Walt Whitman Poems
A Child Said, What Is The Grass?
A child said, What is the grass? fetching it to me with full
How could I answer the child?. . . .I do not know what it
is any more than he.
I guess it must be the flag of my disposition, out of hopeful
green stuff woven.
Or I guess it is the handkerchief of the Lord,
A scented gift and remembrancer designedly dropped,
Bearing the owner's name someway in the corners, that we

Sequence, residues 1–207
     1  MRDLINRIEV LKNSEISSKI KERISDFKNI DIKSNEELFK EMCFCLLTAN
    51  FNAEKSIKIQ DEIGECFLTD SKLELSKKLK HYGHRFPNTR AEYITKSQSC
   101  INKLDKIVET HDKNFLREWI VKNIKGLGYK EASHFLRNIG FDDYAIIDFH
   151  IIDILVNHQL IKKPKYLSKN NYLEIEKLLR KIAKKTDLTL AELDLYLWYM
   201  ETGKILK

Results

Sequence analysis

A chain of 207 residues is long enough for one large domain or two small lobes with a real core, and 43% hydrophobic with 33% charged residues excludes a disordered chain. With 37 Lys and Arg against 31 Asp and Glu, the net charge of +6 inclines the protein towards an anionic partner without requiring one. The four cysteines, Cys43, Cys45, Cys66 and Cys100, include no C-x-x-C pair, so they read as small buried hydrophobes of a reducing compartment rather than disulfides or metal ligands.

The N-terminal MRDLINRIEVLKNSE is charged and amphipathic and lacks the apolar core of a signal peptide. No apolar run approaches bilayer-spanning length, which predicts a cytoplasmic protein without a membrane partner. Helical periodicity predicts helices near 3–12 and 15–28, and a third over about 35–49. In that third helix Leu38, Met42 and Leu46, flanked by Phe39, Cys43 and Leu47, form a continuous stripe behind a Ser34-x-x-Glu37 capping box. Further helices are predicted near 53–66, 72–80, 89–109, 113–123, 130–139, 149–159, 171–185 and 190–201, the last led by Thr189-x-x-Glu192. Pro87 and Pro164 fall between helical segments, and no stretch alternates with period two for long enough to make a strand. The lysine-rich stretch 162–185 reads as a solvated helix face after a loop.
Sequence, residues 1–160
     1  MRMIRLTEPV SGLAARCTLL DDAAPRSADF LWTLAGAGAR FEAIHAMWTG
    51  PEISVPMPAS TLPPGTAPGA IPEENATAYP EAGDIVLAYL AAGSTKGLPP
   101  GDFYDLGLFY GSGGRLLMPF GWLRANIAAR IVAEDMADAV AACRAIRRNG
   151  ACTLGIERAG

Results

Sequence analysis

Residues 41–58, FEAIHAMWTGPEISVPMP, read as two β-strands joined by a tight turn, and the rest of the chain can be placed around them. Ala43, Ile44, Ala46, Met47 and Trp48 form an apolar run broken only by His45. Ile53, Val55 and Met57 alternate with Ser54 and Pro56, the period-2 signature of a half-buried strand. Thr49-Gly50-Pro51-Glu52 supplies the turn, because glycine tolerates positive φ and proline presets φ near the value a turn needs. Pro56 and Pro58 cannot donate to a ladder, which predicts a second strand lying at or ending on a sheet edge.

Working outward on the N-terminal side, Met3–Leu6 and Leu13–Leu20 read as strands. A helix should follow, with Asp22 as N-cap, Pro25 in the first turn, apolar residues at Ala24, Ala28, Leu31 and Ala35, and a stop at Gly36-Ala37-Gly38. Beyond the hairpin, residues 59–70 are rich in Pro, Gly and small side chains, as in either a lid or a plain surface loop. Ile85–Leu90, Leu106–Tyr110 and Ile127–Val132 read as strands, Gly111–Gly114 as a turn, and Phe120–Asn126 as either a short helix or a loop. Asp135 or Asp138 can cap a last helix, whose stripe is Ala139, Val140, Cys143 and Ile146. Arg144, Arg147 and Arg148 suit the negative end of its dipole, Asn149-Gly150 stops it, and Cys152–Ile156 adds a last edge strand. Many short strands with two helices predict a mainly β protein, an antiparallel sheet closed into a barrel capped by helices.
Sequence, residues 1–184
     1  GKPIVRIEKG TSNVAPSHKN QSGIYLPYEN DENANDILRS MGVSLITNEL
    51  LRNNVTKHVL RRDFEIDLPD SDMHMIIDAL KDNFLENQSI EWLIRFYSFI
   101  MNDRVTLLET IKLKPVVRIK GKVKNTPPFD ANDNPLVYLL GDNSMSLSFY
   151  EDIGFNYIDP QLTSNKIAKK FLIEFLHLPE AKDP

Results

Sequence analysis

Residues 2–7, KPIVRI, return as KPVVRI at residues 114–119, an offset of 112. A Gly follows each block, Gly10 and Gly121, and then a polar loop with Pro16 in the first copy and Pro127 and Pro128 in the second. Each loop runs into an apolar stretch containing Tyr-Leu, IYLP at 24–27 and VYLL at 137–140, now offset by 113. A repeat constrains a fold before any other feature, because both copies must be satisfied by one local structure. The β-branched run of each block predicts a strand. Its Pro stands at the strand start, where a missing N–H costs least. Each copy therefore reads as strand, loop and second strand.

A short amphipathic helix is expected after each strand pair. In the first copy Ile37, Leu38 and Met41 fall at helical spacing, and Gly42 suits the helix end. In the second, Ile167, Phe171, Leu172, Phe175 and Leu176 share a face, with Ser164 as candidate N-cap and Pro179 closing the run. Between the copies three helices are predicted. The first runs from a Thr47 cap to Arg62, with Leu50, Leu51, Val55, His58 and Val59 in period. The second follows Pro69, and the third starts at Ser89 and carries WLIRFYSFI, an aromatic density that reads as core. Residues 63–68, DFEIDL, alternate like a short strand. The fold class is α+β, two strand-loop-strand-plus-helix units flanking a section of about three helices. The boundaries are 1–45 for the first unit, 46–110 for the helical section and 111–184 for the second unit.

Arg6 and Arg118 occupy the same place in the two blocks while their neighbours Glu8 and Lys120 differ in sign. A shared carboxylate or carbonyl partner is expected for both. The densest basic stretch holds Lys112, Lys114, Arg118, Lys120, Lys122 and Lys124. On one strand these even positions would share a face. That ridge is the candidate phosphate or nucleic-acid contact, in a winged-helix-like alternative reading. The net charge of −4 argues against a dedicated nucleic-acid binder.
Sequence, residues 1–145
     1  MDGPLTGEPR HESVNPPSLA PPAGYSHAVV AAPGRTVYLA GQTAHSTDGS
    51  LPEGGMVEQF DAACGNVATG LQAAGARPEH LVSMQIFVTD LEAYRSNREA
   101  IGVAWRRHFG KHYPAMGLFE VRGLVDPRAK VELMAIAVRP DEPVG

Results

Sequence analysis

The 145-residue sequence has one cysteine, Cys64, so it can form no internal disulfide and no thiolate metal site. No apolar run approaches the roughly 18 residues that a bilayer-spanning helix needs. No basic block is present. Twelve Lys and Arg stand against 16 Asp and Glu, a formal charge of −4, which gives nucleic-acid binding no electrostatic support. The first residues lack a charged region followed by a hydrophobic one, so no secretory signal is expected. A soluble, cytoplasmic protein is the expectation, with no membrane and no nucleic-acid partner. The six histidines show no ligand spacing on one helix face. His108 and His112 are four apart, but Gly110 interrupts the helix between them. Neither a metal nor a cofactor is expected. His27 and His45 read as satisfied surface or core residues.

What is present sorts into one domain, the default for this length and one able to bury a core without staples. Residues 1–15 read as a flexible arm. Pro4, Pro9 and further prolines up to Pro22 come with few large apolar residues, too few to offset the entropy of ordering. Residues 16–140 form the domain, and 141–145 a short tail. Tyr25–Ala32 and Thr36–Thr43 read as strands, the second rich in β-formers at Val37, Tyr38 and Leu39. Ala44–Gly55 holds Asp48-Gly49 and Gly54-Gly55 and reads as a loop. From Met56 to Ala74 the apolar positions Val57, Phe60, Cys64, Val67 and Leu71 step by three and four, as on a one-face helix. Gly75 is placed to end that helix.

may see and remark, and say Whose?
Or I guess the grass is itself a child. . . .the produced babe
of the vegetation.
Or I guess it is a uniform ...
A Paumanok Picture
TWO boats with nets lying off the sea-beach, quite still,
Ten fishermen waiting--they discover a thick school of mossbonkers--
they drop the join'd seine-ends in the water,
The boats separate and row off, each on its rounding course to the
beach, enclosing the mossbonkers,
The net is drawn in by a windlass by those who stop ashore,
Some of the fishermen lounge in their boats, others stand ankle-deep
in the water, pois'd on strong legs,